Took the team with the rooms near the nursing station today. Started with 6 patients, of which 3 discharged mid-to-late morning. Went in earlier to prepare the blank pharmacy billings and the medications to-do list.
SSN R and I were taking teams. HCA K was the only runner today for the whole ward of 13 patients, including 1 elderly adult lady. SSN Y (my preceptor) was in-charge. Before the shift started, I thought today would be a breeze, given that the 6 patients were rather stable and 1 was confirmed for discharge, and I did not have any medication pending supply urgently. Early in the shift there was a delayed medication in the morning. More about it below. Then accompanied a doctor on his patient review. Then in view of the confirmed and KIV discharges, I started entering the pharmacy billings forms and ward billings. The breakfast trolley arrived while I was updating the billings and preparing a morning dose of IV antibiotics for a neonate, and HCA K was busy taking the 6am round of vital signs monitoring (which was normally done by the night staff). For some reasons, SSN R instructed me loudly to serve the breakfast 1st, then my preceptor SSN Y heard and and repeated the same instructions. I didn't feel good about it. I was planning to serve breakfast once the antibiotics was ready. However it seems that the SSNs did not understand so, even given my usual initiative on such matters. After the rush to serve breakfast, I forgot about the interrupted antibiotics preparation and attended to other matters instead. Then my preceptor reminded me to get it done stat. I quickly completed the IV antibiotics and continued with preparing PO medications for the neonate. While I was doing that, another doctor arrived to review another child and I had to attend to her. The doctor decided to discharge the other child, so I started with the discharge paperwork. However, I was interrupted to attend to call bells, phone calls, and medications due. With interruptions upon interruptions, I missed out the housekeepers' request for the air-con man to clean a vacated isolated room's air-con, despite their repeated requests. I don't feel good about it. In the end, the discharges were completed by my preceptor. By late morning, I was exhausted and wondering if I would even have a toilet break, as I suspect my period had arrived. Managed to give all the other medications on time, completed the pharmacy billings and ward billings, the flow charts and taped my team's report before the end of the shift. However, in my attempt to append to my team's report, I accidentally cleared my earlier report and thus had to pass report orally instead.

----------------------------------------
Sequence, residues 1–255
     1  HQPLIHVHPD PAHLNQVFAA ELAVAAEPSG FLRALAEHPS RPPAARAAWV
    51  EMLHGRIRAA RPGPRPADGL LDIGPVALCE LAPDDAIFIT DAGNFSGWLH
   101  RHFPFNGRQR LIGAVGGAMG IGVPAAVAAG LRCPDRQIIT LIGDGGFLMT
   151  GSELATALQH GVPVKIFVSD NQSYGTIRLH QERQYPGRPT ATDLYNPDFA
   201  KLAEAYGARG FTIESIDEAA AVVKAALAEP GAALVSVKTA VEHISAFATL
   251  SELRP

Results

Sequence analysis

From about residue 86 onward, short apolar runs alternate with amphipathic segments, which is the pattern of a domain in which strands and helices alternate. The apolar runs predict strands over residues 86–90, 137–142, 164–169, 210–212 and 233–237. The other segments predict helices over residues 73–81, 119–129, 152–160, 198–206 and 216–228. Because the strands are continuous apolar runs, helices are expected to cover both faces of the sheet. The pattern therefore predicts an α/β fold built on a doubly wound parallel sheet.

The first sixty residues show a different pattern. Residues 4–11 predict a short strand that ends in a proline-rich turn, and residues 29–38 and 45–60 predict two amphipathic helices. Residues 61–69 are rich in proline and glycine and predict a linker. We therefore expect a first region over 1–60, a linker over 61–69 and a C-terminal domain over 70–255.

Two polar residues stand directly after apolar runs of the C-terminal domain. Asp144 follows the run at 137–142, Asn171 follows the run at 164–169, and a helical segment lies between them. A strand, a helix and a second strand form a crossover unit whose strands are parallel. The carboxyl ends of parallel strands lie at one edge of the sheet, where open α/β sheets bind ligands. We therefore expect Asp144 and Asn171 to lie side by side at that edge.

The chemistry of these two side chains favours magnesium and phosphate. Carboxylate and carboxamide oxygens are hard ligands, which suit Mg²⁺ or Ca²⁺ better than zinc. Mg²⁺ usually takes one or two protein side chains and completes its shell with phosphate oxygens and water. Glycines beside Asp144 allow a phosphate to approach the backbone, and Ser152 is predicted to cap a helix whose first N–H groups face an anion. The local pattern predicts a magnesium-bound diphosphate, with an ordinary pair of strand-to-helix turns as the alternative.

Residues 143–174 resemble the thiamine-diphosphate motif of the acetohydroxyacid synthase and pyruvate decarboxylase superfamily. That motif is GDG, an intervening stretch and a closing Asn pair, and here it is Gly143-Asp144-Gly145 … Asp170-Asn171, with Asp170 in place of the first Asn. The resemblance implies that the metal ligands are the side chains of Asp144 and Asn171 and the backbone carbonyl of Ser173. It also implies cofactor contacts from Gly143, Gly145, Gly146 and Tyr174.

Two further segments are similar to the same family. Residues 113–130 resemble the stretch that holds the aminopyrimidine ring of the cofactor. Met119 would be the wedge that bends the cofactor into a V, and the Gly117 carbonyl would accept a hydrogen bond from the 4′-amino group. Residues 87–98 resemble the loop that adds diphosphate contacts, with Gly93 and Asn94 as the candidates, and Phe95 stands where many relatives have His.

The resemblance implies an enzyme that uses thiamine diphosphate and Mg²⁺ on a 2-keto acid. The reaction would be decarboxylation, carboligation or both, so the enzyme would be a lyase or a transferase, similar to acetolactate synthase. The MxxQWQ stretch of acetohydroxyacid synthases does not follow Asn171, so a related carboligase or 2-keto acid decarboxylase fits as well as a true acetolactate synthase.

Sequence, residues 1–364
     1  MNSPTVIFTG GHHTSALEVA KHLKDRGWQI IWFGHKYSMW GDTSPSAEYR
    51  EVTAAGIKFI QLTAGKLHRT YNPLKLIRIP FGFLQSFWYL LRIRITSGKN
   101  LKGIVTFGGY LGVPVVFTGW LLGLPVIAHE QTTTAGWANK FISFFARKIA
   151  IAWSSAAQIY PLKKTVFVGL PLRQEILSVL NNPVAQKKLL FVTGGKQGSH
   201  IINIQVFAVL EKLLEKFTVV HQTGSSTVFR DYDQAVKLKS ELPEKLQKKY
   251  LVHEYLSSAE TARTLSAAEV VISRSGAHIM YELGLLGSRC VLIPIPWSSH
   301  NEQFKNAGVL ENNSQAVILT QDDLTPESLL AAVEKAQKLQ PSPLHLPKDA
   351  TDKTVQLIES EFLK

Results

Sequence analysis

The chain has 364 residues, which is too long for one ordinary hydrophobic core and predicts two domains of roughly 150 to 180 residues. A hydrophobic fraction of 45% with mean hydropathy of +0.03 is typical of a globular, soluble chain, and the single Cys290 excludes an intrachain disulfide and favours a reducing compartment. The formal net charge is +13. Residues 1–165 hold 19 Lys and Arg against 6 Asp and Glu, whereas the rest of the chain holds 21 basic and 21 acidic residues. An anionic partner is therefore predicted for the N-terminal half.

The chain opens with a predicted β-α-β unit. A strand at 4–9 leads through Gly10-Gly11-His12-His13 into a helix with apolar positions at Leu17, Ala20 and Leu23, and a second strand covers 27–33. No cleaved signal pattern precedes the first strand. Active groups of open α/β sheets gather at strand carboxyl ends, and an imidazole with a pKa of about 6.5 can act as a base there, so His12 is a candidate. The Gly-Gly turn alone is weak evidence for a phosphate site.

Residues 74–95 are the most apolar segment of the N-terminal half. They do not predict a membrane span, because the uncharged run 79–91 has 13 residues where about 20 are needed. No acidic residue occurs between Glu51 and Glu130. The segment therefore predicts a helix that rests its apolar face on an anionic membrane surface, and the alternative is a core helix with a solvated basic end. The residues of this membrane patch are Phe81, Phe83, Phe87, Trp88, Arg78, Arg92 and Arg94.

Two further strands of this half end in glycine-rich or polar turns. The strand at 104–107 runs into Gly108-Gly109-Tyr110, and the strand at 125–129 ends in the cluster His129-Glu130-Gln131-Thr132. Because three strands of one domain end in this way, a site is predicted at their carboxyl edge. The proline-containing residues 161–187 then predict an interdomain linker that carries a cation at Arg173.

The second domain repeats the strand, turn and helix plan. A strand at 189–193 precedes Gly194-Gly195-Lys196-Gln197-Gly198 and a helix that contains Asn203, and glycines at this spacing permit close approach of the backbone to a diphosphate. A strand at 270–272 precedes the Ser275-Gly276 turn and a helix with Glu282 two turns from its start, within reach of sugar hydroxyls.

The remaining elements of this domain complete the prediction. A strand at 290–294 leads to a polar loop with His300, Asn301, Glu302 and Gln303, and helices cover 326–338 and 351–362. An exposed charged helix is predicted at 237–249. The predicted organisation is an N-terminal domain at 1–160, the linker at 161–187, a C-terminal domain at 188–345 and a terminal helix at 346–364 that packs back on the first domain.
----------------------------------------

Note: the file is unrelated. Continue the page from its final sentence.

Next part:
There was 1 medication due in the early morning postponed from the night shift staff because the child was sleeping and the grandmother wanted to wait for the child to wake up. It took several attempts spread over 3+ hours to complete that dose. When I first checked on the child at 730am, he was still sleeping. When the child awoke, the grandmother insisted on adding the medications into 200 ml of milk which child completed only half. Then the grandmother insisted on waiting until after the child had his breakfast porridge before feeding the child the remaining medication. However, the doctor came in for review and the grandmother noted to her about the incomplete medication. The doctor probably wasn't pleased, because my preceptor instructed me to top-up for the shortfall stat, by PO neat. In an attempt to coax the child to drink, the grandmother fed the child with fair amount of water immediately prior to the PO neat medication. While struggling against his medication, the child vomited a fair amount of fluids and undigested porridge together with the PO neat medication. Thus we had to wait another 30 minutes to an hour for the child to digest before a next attempt. Thereafter, I warmed up the remaining 100 ml of milk because grandmother wanted to feed the medication-in-milk instead, but the child refused to drink. At my next attempt, the physiotherapist was about to suction the child for mucus for diagnostic tests. I helped with the suctioning which was quick and, of course, the child struggled. Then the grandmother warned the child angrily that if he refused to swallow the medication, he will have to undergo further suctioning. Finally the child co-operated and swallowed his PO neat medications. By then it was almost 11am.
Lessons learnt: Always advise care-givers to give medication before food, not after food, unless otherwise indicated. In addition, medications should be taken with minimal fluids, to reduce changes of regurgitation by child.
Did not have a tea break. Finally after 12 noon, I took a quick toilet break to wear a sanitary napkin for my period. My panty was already stained but fortunately not my uniform. Thankfully, a housekeeper offered to pack lunch for me around 12 noon and around 1pm I had a chance for lunch (which was also interrupted). At the end of the day, I felt exhausted and blue. I put it down to a combination of having high expectations of the day which fell through, not enough sleep due to the PM to AM shift switch, and the arrival of my period. I have 2 weeks to go before the new nurses orientation and training. Am counting down to it.
p.s. A major challenge of an SN is the numerous interruptions-upon-interruptions to her work. At some hospitals where there are more supporting staff (admin staff, ENs and HCAs), the SN on medication-round wears a vest indicating that she is not to be interrupted. This and other work processes to structure an SN's time are not implemented in my hospital. This is probably due to limited staffing and the customer service expectations (from consulting doctors, their patients, and the patients' visitors) of a small private hospital. Given the hierarchical staff structure of the wards, being an experienced staff in the ward also helps to manage the interruptions.
1 month ago